The ECB interest rate decision, a raft of official UK data, inflation data for various countries forms this week’s highlights
Monday begins with Chinese retail sales data, which both on a YoY basis and YTD basis, is expected to remain constant; YoY 10.6% and YTD 10.3%. Industrial production at 6.5% YoY and YTD 6.8%, is also expected to remain unchanged. GDP for China is forecast to fall marginally YoY and YTD by 0.1% to 6.8%.
Once European markets open, Eurozone CPI monthly and yearly is published, YoY the figure is excepted to come in at 1.3%, down from a 1.4% reading for May.
From the USA we learn of the latest empire manufacturing data; predicted to come in at 14, a fall from 19.8. Canada’s existing home sales fell by -6.2% in May, therefore an improvement will be sought by analysts, given that HPI is such a hot topic in relation to the Canadian economy. Later in the evening New Zealand’s latest CPI metrics completes the day’s high impact news events, which is expected to come in at 1.9% YoY, a fall from the 2.2% registered in Q1 2017.
Tuesday’s medium to high impact calendar events begins with Australia’s central bank the RBA releasing its minutes from the July rate policy meeting, Japan’s latest condominium sales data will also be published, sales of which fell by -13.3% annually, when last reported for May.
Attention then moves to Europe; when the ECB published its banking survey, thereafter a raft of inflation data is published by the UK’s ONS, many of the United Kingdom’s individual metrics are forecast to remain unchanged YoY: CPIH at 2.9%, CPI at 2.9%, RPI at 3.7%, input price inflation is forecast to improve sharply to 9.3% from circa 19%, a level achieved when the pound was at its recent weakest level of circa 1.20 versus the U.S. dollar. House price inflation in the U.K. is forecast to fall to 3% YoY in May, from 5.6% in April. The German and Eurozone ZEW sentiment surveys will be published, Germany’s is forecast to slip to 18, from 18.6 for July.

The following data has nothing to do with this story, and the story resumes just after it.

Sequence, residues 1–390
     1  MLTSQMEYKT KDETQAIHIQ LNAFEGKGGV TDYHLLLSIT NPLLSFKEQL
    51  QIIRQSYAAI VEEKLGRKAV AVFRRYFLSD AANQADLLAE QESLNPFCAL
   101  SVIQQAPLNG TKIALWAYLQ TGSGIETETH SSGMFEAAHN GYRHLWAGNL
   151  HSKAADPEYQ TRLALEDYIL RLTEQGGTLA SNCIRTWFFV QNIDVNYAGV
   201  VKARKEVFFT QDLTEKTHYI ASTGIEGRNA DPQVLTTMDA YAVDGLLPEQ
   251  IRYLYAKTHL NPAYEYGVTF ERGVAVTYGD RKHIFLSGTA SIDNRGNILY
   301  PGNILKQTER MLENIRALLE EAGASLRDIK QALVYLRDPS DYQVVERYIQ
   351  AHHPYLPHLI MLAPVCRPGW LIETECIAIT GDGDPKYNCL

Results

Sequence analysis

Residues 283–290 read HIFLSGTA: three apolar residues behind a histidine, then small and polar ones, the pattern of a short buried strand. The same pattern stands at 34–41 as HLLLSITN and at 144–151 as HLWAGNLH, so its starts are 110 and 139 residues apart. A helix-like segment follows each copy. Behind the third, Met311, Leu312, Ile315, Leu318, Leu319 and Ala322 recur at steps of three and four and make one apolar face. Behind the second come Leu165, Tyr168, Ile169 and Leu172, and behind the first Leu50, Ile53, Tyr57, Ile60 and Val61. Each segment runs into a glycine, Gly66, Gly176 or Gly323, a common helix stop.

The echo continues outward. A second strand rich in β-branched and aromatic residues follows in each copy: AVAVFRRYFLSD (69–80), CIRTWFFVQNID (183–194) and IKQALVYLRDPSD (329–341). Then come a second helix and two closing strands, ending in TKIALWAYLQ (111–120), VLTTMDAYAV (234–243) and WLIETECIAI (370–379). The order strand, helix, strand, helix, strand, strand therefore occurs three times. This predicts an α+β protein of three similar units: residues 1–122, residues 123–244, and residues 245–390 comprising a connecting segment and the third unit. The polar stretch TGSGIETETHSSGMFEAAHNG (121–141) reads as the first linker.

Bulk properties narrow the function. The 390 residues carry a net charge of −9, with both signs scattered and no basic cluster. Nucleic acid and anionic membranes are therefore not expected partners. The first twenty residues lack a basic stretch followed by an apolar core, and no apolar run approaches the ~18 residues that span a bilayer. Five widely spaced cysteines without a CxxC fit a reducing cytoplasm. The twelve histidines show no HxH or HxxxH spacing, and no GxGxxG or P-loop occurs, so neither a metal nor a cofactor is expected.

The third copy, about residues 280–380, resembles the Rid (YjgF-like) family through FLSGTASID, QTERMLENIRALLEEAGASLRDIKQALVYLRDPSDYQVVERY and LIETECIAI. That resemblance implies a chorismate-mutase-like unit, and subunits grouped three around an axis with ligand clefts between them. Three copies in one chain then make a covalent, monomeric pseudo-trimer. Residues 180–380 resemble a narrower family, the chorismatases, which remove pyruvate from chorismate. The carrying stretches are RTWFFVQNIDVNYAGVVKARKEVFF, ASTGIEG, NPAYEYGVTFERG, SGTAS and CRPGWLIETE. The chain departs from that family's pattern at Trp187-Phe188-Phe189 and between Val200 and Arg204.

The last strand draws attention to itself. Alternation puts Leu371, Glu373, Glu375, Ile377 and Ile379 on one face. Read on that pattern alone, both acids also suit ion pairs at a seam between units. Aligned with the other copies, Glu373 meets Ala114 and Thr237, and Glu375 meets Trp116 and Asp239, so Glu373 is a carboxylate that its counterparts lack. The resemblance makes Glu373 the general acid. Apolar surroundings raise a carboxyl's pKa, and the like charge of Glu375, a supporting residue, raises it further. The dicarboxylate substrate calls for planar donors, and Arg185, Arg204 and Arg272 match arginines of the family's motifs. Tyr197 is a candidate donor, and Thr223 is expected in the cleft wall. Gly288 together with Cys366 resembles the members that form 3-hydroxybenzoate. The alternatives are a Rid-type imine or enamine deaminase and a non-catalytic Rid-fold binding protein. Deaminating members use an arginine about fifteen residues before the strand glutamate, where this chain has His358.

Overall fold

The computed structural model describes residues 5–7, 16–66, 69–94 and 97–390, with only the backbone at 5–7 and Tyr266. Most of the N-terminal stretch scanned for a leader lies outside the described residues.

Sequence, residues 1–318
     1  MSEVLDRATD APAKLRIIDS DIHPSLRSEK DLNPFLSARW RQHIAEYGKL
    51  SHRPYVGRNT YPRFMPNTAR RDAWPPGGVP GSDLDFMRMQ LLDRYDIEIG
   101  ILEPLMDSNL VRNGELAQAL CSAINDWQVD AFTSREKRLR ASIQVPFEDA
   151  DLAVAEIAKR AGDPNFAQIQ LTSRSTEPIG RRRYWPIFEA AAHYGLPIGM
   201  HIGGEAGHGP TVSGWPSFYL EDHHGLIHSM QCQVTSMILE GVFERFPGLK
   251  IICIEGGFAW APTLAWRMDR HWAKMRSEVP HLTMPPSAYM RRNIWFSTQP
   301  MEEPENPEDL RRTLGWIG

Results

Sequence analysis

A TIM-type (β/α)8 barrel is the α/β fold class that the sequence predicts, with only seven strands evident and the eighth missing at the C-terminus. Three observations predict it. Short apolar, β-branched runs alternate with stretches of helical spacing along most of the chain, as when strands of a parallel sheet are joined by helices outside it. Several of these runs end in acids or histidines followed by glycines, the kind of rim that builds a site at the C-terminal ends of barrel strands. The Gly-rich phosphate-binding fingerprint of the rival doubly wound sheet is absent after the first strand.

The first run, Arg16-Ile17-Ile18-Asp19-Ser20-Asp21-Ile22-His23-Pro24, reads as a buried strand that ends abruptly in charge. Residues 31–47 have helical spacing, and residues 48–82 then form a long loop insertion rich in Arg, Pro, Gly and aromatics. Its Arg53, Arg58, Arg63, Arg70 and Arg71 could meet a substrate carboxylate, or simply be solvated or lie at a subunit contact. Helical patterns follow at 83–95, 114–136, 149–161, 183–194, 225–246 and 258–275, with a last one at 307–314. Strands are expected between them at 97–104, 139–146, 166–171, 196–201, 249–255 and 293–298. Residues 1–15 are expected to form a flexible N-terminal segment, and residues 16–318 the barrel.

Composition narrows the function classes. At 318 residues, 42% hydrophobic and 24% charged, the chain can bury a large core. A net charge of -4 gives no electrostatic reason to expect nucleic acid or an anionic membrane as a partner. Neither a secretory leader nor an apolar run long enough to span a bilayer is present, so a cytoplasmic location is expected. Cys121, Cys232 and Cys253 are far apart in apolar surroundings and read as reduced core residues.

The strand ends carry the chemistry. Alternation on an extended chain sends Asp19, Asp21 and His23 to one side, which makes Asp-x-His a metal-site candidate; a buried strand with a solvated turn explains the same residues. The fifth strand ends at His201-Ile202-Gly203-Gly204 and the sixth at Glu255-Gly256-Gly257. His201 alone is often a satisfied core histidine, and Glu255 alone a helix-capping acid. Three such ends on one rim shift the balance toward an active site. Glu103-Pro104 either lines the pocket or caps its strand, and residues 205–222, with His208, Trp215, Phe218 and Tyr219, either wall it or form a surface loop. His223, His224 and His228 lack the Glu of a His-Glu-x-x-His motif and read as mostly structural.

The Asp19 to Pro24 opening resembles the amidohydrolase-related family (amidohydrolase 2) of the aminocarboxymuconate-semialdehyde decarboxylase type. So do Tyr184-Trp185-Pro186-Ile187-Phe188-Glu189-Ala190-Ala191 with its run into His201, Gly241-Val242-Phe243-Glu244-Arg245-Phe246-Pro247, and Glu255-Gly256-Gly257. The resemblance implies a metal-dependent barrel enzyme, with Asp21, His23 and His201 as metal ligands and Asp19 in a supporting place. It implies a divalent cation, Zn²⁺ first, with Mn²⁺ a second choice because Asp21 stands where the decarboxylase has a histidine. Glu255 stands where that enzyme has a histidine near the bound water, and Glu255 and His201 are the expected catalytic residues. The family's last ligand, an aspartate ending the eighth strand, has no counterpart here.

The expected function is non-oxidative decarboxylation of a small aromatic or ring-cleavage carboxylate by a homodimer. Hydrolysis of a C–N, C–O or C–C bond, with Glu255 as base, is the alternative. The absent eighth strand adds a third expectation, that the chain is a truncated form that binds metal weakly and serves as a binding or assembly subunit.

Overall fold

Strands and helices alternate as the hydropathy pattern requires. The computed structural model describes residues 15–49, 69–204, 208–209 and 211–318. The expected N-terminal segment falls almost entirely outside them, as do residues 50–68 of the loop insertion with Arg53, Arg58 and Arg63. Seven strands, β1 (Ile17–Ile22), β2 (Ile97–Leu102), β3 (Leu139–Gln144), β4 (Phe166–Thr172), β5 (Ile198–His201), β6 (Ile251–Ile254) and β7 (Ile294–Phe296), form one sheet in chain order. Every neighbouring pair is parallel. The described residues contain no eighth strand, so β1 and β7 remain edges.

From the USA import prices excluding petroleum goods), is forecast to come in at 0.1% for June, export prices are also predicted to have risen by 0.1%. The USA NAHB house price index is forecast to remain unchanged at 67.
Wednesday witnesses construction output published for the Eurozone, expected to remain constant at circa 3.2% growth YoY. Attention then switches to the USA for the latest weekly mortgage approval numbers; forecast to come in ahead of the -7.4% registered last week for the week ending July 7th. Housing starts MOM are predicted to have improved to 5.8% in June, from the -5.5% reading recorded in May. Building permits are also expected to improve to 3% in June, from -4.9% in May. The various USA weekly oil and gas inventories will be revealed, as always analysts will monitor this energy inventory data closely, given the rapid changes and volatility in the oil and gas market price over recent weeks.
Thursday’s major impact events begin with a raft of Japanese data, published by the central bank the BOJ. Principally the BOJ outlook report and the monetary policy statement. Japan’s all industry activity index is forecast to fall to -0.8% in May, from 2.1% in April. Staying in the Southern Hemisphere, Australian employment and unemployment data will be published on Thursday, unemployment is forecast to creep up by 0.1%, to 5.6%. The participation rate is forecast to remain unchanged, at 64.9%.
As attention turns to Europe the UK’s retail sales are published, expected to show a significant MoM rise to 0.5% in June, from the -1.6% fall recorded for May. Various deficit and current account figures are published for the Eurozone before the ECB announces its latest interest rate decision, the prediction from the economists polled, is for no change from the current zero rate. The asset purchase programme is also forecast to remain unchanged at €60b a year. July’s consumer confidence is predicted to improve to -1.1%.
From the USA weekly unemployment claims are expected to come in at 245k, with continuing claims at 1950k. The Philly Fed reading is forecast to fall to 23.7, from 27.6.
Friday ends the week with a raft of U.K. data, beginning with government borrowing figures and the public sector borrowing requirement. Most of these key readings are forecast to reveal modest improvements for the month of June. Canadian inflation data closes the week off; CPI forecast to deliver a reading of 1.1% YoY in June, with retail sales forecast to improve by 0.4% MoM for May.